Starting today, Singaporeans will be able to enjoy two- and three-night cruises to nowhere aboard Dream Cruises’ World Dream. On deck to offer a similar experience is Royal Caribbean, which will kick off its own series of three- and four-night sailings from the city-state on December 1 aboard Quantum of the Seas.
The short cruises are being viewed through the lens of “a new normal,” as the cruise industry attempts a healthy restart while a global crisis continues to generate lockdowns and travel restrictions. They also offer a glimpse of what Americans might expect to see when ships begin sailing again from domestic ports, likely in early 2021.
Dream Cruises is calling its cruise to nowhere series “a brand-new vacation option that will take the regular ‘stay-cation’ concept and turn it into a ‘Super Seacation’ experience.” It promises a “multitude of leisure and recreation facilities on board the ship with engaging experiences that will keep guests of all ages entertained throughout their journey.”
World Dream appears to offer plenty of options to give guests an entertaining cruise getaway even without port calls. There are a variety of VR experiences in the Esc EXPERIENCE LAB, where guests can virtually ride rollercoasters, speed through underwater worlds, and venture into space.
For reality-based fun, guests can get their thrills on waterslides, a ropes course, a rock climbing wall, and a mini-golf track. There will be full production shows in the Zodiac Theatre and each cruise will end with Asia’s only laser show at sea — a synchronized performance of multi-colored lasers with over 4 million shades.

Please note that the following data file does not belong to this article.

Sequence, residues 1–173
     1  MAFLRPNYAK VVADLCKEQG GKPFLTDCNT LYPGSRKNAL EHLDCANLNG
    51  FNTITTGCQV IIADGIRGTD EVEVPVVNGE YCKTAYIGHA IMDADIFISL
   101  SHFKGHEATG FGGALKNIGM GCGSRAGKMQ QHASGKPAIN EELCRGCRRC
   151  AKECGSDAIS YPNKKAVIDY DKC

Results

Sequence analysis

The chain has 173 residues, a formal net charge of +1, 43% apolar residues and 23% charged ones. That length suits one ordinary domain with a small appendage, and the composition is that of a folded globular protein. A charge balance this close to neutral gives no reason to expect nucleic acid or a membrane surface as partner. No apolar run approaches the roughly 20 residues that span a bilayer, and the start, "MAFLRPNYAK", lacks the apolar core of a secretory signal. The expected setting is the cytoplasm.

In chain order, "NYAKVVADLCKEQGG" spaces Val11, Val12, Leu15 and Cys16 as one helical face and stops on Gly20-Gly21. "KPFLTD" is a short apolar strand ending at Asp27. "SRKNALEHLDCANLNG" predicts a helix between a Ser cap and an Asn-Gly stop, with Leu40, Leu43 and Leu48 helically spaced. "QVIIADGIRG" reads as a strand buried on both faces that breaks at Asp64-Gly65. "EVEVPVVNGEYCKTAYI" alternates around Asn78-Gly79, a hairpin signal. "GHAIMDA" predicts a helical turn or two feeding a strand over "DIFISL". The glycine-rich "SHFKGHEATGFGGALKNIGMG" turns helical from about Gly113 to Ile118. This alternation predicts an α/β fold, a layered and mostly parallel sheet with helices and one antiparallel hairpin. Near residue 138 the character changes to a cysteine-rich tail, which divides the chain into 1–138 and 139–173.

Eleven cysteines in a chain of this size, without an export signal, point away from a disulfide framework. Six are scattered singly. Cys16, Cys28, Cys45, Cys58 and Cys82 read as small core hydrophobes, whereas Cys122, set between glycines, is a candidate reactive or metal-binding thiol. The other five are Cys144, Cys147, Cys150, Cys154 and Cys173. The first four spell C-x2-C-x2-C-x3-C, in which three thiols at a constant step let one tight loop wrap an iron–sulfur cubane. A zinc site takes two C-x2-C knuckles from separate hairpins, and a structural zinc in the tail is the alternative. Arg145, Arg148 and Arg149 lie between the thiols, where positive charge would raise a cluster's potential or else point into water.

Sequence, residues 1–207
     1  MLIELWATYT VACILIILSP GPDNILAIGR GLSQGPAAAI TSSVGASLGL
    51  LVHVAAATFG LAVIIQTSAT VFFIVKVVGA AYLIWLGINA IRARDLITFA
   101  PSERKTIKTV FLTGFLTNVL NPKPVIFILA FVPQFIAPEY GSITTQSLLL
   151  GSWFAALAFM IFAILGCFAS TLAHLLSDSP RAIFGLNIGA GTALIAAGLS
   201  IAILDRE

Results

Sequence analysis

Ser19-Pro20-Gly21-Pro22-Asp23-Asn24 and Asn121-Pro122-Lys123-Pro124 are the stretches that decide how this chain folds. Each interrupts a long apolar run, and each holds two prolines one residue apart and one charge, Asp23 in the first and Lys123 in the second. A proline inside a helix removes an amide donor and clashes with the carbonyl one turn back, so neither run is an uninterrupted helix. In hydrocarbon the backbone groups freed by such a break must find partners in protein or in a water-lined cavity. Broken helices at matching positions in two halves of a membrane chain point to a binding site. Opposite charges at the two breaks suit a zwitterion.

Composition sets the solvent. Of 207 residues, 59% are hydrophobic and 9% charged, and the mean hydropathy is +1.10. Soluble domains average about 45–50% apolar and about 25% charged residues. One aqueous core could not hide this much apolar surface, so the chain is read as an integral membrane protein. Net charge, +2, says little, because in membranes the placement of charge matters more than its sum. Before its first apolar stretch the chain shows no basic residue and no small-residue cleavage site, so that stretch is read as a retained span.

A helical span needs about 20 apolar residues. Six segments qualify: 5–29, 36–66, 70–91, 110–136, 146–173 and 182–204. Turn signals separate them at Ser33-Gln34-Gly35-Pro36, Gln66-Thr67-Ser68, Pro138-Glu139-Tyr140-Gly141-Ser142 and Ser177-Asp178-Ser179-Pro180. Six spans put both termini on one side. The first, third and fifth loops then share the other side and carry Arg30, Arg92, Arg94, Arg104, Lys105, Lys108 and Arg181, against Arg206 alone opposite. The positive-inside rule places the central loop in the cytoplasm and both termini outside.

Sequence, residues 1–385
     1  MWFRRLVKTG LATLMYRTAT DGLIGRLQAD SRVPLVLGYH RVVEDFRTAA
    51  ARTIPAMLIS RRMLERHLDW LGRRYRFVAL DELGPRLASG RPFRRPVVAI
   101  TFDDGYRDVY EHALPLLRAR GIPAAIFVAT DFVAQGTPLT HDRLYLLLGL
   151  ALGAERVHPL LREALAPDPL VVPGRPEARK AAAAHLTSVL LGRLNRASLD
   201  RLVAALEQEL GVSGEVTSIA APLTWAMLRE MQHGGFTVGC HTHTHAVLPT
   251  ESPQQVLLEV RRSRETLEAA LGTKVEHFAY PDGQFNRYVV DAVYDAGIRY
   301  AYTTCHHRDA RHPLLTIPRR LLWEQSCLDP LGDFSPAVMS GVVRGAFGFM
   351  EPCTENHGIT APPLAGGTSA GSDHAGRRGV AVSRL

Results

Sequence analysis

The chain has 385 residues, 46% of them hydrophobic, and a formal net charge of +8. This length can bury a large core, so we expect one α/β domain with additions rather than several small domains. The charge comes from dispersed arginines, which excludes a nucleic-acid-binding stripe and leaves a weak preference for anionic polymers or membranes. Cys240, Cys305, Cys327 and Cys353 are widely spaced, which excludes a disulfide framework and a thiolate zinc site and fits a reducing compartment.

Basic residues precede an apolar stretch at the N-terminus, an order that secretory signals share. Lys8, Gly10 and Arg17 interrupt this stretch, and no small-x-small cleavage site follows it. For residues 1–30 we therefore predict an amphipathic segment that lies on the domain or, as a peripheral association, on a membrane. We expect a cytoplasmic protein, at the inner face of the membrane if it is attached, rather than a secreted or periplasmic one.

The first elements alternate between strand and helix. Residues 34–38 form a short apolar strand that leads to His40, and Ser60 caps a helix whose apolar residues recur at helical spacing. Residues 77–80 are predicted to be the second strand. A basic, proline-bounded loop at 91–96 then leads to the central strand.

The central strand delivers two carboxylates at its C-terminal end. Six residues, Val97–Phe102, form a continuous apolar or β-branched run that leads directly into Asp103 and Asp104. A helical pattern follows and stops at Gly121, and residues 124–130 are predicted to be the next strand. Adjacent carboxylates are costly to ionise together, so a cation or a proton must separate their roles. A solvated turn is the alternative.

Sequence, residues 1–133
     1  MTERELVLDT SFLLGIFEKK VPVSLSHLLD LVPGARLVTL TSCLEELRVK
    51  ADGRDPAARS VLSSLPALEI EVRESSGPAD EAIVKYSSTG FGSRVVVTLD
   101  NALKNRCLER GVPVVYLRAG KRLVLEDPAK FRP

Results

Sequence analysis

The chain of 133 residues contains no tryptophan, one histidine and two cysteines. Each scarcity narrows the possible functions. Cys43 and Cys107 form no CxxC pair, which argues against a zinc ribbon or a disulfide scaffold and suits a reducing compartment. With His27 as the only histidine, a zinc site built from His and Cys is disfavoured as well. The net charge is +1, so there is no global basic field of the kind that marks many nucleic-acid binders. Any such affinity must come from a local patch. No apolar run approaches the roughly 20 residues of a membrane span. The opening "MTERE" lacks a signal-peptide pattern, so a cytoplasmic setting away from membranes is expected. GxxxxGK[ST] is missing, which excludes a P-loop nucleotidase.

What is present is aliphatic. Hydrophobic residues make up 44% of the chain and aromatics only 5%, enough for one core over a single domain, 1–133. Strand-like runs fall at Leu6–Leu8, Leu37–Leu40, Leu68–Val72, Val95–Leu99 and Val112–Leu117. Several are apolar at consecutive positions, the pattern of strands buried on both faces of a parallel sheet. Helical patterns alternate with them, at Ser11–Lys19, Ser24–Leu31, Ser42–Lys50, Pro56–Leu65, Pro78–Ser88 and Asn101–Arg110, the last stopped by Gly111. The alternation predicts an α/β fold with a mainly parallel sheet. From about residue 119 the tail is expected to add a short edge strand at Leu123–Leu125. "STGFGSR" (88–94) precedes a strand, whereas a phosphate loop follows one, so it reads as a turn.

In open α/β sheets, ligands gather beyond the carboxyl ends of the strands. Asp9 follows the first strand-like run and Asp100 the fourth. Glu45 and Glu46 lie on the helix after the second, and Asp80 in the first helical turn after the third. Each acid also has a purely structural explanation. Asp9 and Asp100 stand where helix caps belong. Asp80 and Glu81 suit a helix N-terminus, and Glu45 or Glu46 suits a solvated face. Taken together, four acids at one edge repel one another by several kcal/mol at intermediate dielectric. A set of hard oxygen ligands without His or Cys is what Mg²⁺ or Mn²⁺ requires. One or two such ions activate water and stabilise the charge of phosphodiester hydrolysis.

The line says all activities on board will be organized in accordance with permitted group sizes — specific to each activity — and measures will be in place to discourage close contact between groups.
Prior to her arrival in Singapore, World Dream was on hiatus in the Netherlands after being taken out of service in early February.
The Genting HK-owned Dream Cruises was one of the first cruise lines to detail new sanitation and health procedures back in April. The company says it has completely re-examined and enhanced all of its health, hygiene, and operating protocols to ensure the safest environment.
Among the measures:
- Stringent health screening and testing processes prior to embarkation and disembarkation, and safe distancing measures on board.
- Thorough sanitization, disinfection, and enhanced hygiene practices for guest cabins, crew member quarters, public areas, and recreational facilities.
- Safe food and beverage handling procedures.
- 100 percent fresh air ventilation in guest and crew cabins, as well as public spaces.
Next up for cruises to nowhere from Singapore is the six-year-old Quantum of the Seas, one of Royal Caribbean’s most innovative ships. It features high-profile attractions including the robot-tended Bionic Bar, the iFly by RipCord skydiving simulator, and the North Star observation pod that carries guests up to 300 feet above the sea.
Royal Caribbean says it partnered “with top medical minds and the Singapore government” to design its safe cruising plan. Comprehensive prevention protocols were developed for every part of the ship, onboard medical centers have been enhanced, and response plans have been developed for a variety of scenarios. The ship can carry up to 4,180 passengers but will be restricted to half that number for the near future.
“From reducing the number of guests onboard to no more than 50% occupancy and testing everyone before sailing, to cleanliness standards that rival the best hospitals, we promise we’ll never stop working to protect you and the ones you love,” the line says.
Beginning in May, Quantum of the Seas is scheduled to offer 7-night Alaska Glacier cruises from a base in Seattle.
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